I-TEAM: Financial woes put Justice Coalition in danger of shutting down

Nonprofit has been helping crime victims and their families for nearly 25 years

By Vic Micolucci - I-TEAM reporter, anchor

JACKSONVILLE, Fla. - A Jacksonville charity that's devoted to families affected by violent crime is in grave danger of shutting down because the nonprofit is failing financially, the News4Jax I-TEAM has learned. 

The Justice Coalition helps people in eight Northeast Florida counties. Advocates have represented victims of violent attacks and the families of homicide victims for nearly 25 years. The nonprofit has also published a paper to raise awareness about unsolved cases. But now leaders said the organization is days away from shutting down if it can't make the budget. 

"Not being able to support the victims and not knowing where would we send them? And what would they do? What would they do without us?" said victim advocate Jo-Lee Manning. 

The advocates have helped thousands of families over the years. Right now, they have more than 500 open cases and helping costs about $1,000 per case, per year. That’s money they just haven’t been able to raise.

At the Justice Coalition, the faces of homicide victims from the area are front and center as victim advocates work to care for their families.

"They were there in court every time. And that’s important to me that we offer that same support to other families," Manning said.

Manning’s daughter, Haley, was killed in a hit-and-run in 2013. Manning used the services and is now a victim advocate, helping other families as they go through tragedy.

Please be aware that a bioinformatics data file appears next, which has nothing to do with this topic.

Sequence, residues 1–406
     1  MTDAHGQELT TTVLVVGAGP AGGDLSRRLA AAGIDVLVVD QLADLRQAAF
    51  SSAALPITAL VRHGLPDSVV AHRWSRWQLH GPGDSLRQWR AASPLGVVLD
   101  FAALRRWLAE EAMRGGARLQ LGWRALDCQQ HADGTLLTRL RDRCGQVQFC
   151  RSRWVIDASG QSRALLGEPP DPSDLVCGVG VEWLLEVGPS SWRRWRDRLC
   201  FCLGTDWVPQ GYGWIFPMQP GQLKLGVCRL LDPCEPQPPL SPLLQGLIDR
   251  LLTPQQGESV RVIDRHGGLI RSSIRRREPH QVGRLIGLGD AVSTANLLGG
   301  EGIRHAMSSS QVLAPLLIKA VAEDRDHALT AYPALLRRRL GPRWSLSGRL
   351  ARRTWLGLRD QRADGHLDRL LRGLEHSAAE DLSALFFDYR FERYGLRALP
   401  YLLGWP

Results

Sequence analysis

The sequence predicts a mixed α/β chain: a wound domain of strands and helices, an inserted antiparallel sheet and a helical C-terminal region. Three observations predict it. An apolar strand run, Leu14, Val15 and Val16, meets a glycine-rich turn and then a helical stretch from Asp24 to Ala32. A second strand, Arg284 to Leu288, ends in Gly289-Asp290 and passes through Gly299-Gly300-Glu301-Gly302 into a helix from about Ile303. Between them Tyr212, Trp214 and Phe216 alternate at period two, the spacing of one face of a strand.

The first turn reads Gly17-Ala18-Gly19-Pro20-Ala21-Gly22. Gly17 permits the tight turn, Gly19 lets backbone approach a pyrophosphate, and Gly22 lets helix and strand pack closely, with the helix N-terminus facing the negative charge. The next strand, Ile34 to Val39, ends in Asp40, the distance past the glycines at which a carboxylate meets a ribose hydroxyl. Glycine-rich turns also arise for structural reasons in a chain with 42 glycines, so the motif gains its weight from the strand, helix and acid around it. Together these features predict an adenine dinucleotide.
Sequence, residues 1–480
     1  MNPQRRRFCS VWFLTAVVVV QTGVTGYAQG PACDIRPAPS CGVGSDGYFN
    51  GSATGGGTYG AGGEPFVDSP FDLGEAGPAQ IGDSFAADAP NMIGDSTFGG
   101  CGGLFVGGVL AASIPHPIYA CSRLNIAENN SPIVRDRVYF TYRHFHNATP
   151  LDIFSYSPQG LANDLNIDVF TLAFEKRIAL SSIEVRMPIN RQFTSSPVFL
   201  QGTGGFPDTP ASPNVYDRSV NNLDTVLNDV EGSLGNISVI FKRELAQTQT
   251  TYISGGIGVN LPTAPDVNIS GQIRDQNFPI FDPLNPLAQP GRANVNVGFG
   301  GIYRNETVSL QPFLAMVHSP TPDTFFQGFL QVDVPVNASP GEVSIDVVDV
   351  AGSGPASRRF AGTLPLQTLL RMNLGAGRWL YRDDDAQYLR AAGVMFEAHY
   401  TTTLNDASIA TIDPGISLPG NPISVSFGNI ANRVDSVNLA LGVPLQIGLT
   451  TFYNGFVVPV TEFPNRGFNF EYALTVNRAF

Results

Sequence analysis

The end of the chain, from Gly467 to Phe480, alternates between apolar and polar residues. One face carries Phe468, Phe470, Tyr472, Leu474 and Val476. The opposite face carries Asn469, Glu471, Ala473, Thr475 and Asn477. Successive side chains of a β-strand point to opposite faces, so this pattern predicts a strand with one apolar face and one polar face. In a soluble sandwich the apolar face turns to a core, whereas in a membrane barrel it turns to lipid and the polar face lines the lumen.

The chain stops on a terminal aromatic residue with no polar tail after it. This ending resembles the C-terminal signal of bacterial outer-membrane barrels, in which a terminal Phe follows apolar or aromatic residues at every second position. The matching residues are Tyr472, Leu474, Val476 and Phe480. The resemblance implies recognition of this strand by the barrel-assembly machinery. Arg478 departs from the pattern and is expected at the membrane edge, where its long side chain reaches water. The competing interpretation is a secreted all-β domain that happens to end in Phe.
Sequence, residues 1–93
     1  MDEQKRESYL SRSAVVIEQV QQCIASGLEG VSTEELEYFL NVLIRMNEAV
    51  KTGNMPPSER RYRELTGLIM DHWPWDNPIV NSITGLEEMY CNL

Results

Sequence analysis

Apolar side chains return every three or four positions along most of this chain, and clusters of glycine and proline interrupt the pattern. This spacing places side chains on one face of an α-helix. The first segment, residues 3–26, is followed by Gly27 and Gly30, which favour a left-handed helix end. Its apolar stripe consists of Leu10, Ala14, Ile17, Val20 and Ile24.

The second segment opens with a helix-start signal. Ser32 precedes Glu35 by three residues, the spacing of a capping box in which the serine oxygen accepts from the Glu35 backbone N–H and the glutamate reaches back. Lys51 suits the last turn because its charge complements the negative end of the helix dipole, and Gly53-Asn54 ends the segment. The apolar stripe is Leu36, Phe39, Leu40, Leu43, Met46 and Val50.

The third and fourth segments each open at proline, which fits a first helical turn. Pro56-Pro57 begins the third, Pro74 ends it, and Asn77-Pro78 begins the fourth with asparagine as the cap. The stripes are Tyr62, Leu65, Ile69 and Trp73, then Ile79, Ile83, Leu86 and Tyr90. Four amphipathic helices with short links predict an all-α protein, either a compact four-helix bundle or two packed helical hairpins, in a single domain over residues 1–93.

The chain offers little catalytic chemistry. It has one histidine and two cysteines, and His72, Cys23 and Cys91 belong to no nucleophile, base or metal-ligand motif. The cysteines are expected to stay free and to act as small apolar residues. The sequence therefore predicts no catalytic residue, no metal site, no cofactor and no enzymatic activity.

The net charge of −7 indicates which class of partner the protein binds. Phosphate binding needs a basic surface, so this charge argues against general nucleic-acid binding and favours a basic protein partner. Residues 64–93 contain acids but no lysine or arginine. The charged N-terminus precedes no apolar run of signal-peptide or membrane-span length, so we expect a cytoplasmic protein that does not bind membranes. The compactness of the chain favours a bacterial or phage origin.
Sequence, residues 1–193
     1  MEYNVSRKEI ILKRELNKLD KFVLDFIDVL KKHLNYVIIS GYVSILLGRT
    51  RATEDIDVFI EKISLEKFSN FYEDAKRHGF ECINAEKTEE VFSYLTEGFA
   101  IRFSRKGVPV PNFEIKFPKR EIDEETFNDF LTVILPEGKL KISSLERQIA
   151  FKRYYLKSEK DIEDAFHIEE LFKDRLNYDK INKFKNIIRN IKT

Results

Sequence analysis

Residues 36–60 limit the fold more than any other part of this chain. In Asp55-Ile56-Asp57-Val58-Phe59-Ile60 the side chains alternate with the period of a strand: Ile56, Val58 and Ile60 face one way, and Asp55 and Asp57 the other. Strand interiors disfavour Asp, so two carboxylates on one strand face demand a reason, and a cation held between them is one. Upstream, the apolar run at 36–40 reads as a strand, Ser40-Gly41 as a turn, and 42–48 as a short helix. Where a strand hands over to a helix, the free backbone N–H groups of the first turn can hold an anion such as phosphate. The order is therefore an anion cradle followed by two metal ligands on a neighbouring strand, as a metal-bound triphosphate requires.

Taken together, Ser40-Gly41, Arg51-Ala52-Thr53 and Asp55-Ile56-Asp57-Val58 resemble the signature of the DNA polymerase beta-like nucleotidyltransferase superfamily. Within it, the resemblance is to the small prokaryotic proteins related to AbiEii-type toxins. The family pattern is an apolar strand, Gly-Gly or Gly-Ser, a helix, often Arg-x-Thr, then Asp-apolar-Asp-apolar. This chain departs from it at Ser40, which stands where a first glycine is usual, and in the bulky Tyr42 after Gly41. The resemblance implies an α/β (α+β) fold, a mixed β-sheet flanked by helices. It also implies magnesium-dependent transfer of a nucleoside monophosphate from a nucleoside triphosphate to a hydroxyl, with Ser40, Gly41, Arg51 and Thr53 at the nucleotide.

"Thinking about our victims and that we may not be here for them -- that’s scary for them," Manning said.

On Tuesday, the I-TEAM sat down with an emotional group of staff and volunteers who are worried the 24-year-old nonprofit will go under.

"We do fundraisers and our fundraisers have not released the funds that we had successfully in the past," board chairman Robert Bracewell said.

Bracewell said they need about $3,000 to pay the bills by the end of the week and they’ve only secured a third of the revenue needed to operate for the rest of the year.

"We cut everything to the bone as much as possible. We skimp on costs. A lot of times, we spend out of our own pocket to buy stuff that we need and it’s expensive helping victims," Bracewell said.

The operating budget is supposed to be $450,000 a year. They rely on grants and donations. Fundraisers aren’t making what they used to. Times have been tough since longtime executive director Ann Dugger stepped down in 2016. Michael Liles later took the helm after his wife Debbie was murdered. But he died last year.

Frances Futrill has been a volunteer at the Justice Coalition for 15 years. Her daughter's murder from 2002 still isn't solved, but she's devoted her life to being there for other devastated families. 

"I’m praying that the doors will stay open so that in the event that my daughter’s case comes before the court, I will have (a) victim's advocate here for me," Futrill said. 

Now, victim advocates at the Justice Coalition are asking for donations to stay running. They will also be hosting a barbecue fundraiser from 10:30 a.m. to 2 p.m. Saturday at 2820 U.S. 1 South in St. Augustine. The cost is $10 for barbecue dinners, which includes pulled pork with beans and slaw. The event is sponsored by Old City Homes, LLC.

For those interesting in donating to the Justice Coalition, click here.

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